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  • Author or Editor: B.L. Bishop x
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Rootstock recommendation is complicated by performance-site interactions. The N C140 Regional Project recently completed a lo-year evaluation of 9 rootstocks in locations across North America. Based on this data, we developed stability analysis models and demonstrated significant rootstock-site interactions for cumulative yield (CY) and trunk cross-sectional-area (CSA). The models require a site index (SI) estimated from mean performance over rootstocks within site. Prediction of rootstock performance in untested sites would be possible with an independent estimate of SI. We tested prediction of SI from mean maximum temperature (T) and total moisture received (M) and divided T and M into 5 phenological periods: Dee-Jan (Dormant), Feb-Apr (Prebloom), May-Jun (fruit Set), July-Sept (fruit Growth), and Oct-Nov (Postharvest). SICSA was not predicted by any T or M variable. SICY was predicted by TSet. TGrow, and MSet, but TSet and MSet were codependent. SICY was best predicted from a linear relationship with TSet.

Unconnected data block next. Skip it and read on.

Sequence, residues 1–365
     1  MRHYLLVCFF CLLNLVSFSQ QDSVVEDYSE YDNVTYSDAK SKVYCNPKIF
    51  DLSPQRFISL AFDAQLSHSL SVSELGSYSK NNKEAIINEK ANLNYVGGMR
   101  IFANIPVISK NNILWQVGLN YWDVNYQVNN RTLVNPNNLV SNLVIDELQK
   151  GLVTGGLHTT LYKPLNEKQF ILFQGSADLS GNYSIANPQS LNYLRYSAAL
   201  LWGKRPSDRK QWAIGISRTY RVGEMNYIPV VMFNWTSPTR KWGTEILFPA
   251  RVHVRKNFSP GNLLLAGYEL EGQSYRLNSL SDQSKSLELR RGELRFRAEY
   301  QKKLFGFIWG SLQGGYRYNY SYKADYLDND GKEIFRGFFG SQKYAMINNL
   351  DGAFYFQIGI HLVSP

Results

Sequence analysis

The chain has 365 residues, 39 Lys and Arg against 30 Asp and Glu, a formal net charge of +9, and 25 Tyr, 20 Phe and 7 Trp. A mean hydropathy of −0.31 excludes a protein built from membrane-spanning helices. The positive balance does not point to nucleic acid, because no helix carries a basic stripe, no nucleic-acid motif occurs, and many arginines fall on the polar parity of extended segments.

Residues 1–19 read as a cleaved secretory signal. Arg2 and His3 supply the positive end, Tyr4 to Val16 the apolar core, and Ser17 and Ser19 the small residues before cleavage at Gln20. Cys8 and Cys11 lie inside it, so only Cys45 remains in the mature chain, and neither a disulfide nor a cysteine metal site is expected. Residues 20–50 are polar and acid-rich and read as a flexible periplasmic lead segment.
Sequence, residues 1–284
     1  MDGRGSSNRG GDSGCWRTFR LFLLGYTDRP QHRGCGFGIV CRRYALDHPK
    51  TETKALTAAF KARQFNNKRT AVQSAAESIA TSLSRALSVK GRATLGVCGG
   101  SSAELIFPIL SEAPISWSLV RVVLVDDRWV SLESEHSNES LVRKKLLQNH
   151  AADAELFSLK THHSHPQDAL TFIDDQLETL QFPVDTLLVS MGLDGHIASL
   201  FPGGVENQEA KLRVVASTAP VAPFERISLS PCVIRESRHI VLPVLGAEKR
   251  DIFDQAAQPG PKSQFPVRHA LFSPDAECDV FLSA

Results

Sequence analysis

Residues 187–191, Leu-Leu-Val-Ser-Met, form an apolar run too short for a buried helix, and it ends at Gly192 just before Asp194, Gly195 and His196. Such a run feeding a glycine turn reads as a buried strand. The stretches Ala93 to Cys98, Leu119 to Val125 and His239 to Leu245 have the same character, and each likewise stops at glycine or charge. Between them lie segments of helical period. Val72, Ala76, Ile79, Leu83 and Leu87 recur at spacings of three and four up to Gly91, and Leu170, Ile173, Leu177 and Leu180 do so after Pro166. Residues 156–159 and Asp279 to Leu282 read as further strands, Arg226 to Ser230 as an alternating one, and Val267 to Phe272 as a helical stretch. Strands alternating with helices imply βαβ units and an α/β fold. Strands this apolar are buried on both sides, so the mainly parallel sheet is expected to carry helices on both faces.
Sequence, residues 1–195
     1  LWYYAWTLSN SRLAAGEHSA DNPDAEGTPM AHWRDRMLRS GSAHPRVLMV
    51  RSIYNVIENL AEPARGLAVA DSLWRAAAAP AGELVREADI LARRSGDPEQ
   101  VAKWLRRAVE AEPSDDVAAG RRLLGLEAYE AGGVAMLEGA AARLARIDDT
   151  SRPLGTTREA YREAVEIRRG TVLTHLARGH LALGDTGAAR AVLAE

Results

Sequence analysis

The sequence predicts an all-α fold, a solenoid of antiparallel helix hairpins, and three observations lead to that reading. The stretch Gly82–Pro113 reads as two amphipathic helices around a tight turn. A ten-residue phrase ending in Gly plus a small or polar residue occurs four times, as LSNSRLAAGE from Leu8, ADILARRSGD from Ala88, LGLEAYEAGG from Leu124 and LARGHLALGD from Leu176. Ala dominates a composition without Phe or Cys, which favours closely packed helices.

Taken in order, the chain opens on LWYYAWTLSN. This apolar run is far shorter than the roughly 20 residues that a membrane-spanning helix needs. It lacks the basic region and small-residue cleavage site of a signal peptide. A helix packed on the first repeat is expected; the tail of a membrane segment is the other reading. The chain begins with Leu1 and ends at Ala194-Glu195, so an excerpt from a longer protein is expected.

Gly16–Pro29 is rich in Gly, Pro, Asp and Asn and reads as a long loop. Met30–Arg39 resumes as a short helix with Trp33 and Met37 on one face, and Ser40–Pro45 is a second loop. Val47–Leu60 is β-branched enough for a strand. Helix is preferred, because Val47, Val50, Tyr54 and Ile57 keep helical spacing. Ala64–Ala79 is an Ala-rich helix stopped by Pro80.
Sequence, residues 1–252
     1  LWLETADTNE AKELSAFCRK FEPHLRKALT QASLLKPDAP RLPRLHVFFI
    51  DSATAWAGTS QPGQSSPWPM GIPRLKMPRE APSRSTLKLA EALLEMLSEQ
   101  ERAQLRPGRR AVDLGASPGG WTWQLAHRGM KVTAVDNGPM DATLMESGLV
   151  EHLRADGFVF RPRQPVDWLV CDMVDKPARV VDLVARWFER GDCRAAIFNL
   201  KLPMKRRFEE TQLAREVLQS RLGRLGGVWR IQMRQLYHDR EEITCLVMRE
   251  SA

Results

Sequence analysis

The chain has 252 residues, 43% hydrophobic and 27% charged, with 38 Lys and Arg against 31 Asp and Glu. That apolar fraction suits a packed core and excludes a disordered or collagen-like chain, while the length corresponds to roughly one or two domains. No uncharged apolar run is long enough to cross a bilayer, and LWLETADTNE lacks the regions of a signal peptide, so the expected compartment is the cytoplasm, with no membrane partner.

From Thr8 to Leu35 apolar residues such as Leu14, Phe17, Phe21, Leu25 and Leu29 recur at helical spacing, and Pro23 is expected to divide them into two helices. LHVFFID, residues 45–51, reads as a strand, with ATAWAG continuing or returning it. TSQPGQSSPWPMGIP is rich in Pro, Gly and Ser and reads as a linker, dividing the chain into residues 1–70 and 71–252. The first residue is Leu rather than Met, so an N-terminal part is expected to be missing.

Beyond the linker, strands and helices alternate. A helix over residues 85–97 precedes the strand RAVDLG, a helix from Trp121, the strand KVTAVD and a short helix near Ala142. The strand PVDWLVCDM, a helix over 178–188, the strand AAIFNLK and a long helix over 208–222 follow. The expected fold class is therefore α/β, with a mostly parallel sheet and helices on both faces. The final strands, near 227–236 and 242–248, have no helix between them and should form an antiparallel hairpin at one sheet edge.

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Survival of replicated rootstock plantings of apple trees (Malus ×domestica) to fire blight (Erwinia amylovora) infection shows that a wide range of rootstock susceptibility exists. Trees on `Malling 26' (M.26), `Malling 9' (M.9), and `Mark' consistently had significant losses. Of the dwarfing rootstocks widely available commercially, `Budagovsky 9' (B.9) survived well with productive trees, but was not resistant to fire blight infection. The following experimental rootstocks had good survivability with many live productive trees in one or more trials: `Poland 2' (P.2), `Vineland 1' (V.1), `Malling 27 EMLA' (M.27 EMLA), `Budagovsky 491' (B.491), `Budagovsky 409' (B.409), `Vineland 7' (V.7), `Vineland 4' (V.4), and `Oregon Rootstock 1' (OAR1).

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Abstract

In field studies with potatoes, cantaloupes, and tomatoes, using N sources banded in the soil, highest yields were obtained with (NH4)2SO4. Yields with urea-formaldehyde and sulfur-coated urea were similar to each other, and less than those from urea. Nitrogen absorption, as determined by NO3 - concn in the petiolar tissue or total N absorption by the entire plant, was in the same sequence as yields. Controlled-release fertilizers did not increase N absorption during late growth. About 90% of the N from (NH4)2SO4 and urea had nitrified and leached from the fertilizer band within 40 days after application. In contrast, about half of the N from urea-formaldehyde remained in the fertilizer band 120 days after application.

Open Access